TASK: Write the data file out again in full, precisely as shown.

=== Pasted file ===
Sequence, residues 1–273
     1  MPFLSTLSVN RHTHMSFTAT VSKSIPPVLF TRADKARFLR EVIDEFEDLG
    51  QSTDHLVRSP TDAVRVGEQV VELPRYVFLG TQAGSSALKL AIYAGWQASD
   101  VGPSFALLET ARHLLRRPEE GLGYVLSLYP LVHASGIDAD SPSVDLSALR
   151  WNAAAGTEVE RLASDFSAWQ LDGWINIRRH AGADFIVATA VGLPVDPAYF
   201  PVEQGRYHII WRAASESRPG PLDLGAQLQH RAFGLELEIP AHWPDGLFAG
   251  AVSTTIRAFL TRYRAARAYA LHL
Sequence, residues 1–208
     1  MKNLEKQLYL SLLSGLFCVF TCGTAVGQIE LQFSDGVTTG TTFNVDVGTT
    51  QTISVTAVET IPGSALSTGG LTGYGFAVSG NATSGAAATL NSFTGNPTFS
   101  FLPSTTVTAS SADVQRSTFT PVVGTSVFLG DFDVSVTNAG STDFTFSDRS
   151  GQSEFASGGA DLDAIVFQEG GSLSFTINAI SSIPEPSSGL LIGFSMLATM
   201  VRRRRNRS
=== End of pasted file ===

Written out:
Sequence, residues 1–273
     1  MPFLSTLSVN RHTHMSFTAT VSKSIPPVLF TRADKARFLR EVIDEFEDLG
    51  QSTDHLVRSP TDAVRVGEQV VELPRYVFLG TQAGSSALKL AIYAGWQASD
   101  VGPSFALLET ARHLLRRPEE GLGYVLSLYP LVHASGIDAD SPSVDLSALR
   151  WNAAAGTEVE RLASDFSAWQ LDGWINIRRH AGADFIVATA VGLPVDPAYF
   201  PVEQGRYHII WRAASESRPG PLDLGAQLQH RAFGLELEIP AHWPDGLFAG
   251  AVSTTIRAFL TRYRAARAYA LHL
Sequence, residues 1–208
     1  MKNLEKQLYL SLLSGLFCVF TCGTAVGQIE LQFSDGVTTG TTFNVDVGTT
    51  QTISVTAVET IPGSALSTGG LTGYGFAVSG NATSGAAATL NSFTGNPTFS
   101  FLPSTTVTAS SADVQRSTFT PVVGTSVFLG DFDVSVTNAG STDFTFSDRS
   151  GQSEFASGGA DLDAIVFQEG GSLSFTINAI SSIPEPSSGL LIGFSMLATM
   201  VRRRRNRS